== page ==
Harry Potter and the Deathly Hallows - P1
Making video games out of the Harry Potter series was really a bit of a no-brainer. The magical themes and the near-universal appeal of the series as a whole meant that it was a guaranteed seller no matter how the games turned out. Unfortunately this meant that EA Bright Light seems to have put no thought whatsoever into the production of the latest Harry Potter game.
As you would expect, Harry Potter and the Deathly Hallows Part 1 follows the young bespectacled wizard as he attempts to escape Voldemort's Death Eaters on his way to the final showdown with the evil wizard who murdered his parents so long ago.
The game sticks fairly rigidly to the plot of the film although it does give the option to complete certain levels in any order you choose giving a certain amount of freedom to experience the story in your own way.
Our story begins with Harry and Hagrid being chased through the sky on Hagrid's magic flying motorcycle and sidecar by a horde of Death Eaters. As introductions go this has a lot of potential but it has been limited to a rather unsatisfying rail-shooter sequence. Part of this is down to Harry's bizarre ability to rotate his hips through 720 degrees which just seems unnatural. The rest of this is down to his inability to hit targets with any level of accuracy and some irritating positioning of the enemies requiring Harry to fire his Stupefy spells through Hagrid's rather large form.
After that kind of introduction to the game most gamers would probably be forgiven for turning the game off, putting it back in the box and taking it to the store to trade it in however the game does change tone. The next sequence sees Harry, Hermione and Ron at a wedding at Hogwarts which is rapidly interrupted by the Death Eaters again as they hunt for Harry to kill him.
Here the game turns into a cover-based third-person shooter and again Harry's dreadful aim rears its ugly head. This is marginally more passable than the rail-shooter section but the cover dynamic where you enter cover using the X button is nowhere near as smooth as it should be and leaves this section of the game feeling very clunky and lacklustre.
After battling through the Death Eaters Hermione uses her magic to help the trio escape to London to avoid the Death Eaters. In London the game dynamic changes again to a first-person stealth style of play. Harry has to use a magic cloak to sneak around the streets of London to check out various newspaper vendors to see if they are Death Eaters in disguise or not. You have to sneak around the streets under the cloak without bumping into anyone on the way, then get close to the target, watch a quick in-engine cutscene and then back to Ron and Hermione and complete this a couple of times before heading to a cafe which initiates another cover-shooter sequence as the staff of the cafe turn out to be Death Eaters waiting to ambush the trio.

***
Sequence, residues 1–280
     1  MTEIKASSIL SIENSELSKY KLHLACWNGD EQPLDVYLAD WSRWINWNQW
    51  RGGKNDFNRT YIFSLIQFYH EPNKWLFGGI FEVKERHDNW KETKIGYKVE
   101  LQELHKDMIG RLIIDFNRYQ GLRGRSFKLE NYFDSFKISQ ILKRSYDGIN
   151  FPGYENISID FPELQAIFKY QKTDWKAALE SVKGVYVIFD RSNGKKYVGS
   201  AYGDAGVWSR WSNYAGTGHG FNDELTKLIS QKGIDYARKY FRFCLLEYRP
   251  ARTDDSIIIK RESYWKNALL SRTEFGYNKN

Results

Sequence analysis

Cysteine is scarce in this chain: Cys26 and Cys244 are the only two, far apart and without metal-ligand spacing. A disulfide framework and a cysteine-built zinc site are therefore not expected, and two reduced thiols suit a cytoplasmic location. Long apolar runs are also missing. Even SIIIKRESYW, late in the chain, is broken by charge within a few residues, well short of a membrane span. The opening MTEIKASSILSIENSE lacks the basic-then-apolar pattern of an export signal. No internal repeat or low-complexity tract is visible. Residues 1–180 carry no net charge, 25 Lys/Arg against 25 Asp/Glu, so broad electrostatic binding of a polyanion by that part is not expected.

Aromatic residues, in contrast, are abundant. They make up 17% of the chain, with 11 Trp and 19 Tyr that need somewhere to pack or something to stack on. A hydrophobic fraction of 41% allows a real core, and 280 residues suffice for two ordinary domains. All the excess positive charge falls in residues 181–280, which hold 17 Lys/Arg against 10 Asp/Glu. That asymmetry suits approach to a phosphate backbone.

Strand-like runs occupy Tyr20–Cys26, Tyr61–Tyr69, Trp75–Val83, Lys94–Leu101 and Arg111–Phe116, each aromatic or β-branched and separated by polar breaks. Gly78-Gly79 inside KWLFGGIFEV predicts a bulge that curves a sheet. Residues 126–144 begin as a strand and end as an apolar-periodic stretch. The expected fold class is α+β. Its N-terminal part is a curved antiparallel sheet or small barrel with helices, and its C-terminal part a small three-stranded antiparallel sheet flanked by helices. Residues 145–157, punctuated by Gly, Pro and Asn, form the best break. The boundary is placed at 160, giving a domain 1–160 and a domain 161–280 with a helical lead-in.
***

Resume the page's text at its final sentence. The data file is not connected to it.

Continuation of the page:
The next sequence in the game shifts again to a haunted mansion where Harry, Ron and Hermione are searching for the house-elf in order to get information to help them stop Voldemort. Yet again the game introduces another gameplay dynamic. This time it's a first-person exploration shooter dynamic. Harry has also to fight off small flying imps by throwing potions like grenades and then zapping them with his wand. Queue the terrible aiming again which will see you running out of potions too before killing all the imps. On the first instance of play the game actually jammed some of the imps behind an open door making them impossible to kill prompting the need for a reload and replay of that particular sequence.
From here on in the game keeps throwing these different gameplay dynamics in an almost schizophrenic manner refusing point blank to settle on a dynamic that works well enough for the whole game. This leaves the game feeling like it has a severe identity crisis and potentially confusing a lot of players into the bargain.
The problems are compounded by some very unnatural-looking character models. Daniel Radcliffe's Harry Potter has an odd five o'clock shadow which the actor does have in real life and the facial animations and lip-synching don't really seem to match up to the dialogue very well at all. The absence of some of the film's big names in the voice-acting department as well makes the game feel a bit more detached from its silver screen counterparts as well and almost make you feel cheated when the faces are the same but the voices aren't.
Harry Potter and the Deathly Hallows Part 1 is a disappointing effort from EA. It feels rushed and poorly thought through and a distinct lack of identity is coursing through the game from start to finish. It is clear to see that EA has lost faith and commitment towards creating film licenses after the mess of the Godfather II but that should be no excuse for the poor quality that this latest Harry Potter game demonstrates. This is so bad even die-hard Harry Potter fans may have trouble getting through this game.
Harry Potter and the Deathly Hallows Part 1 is also enhanced for Kinect although we couldn't test that feature out.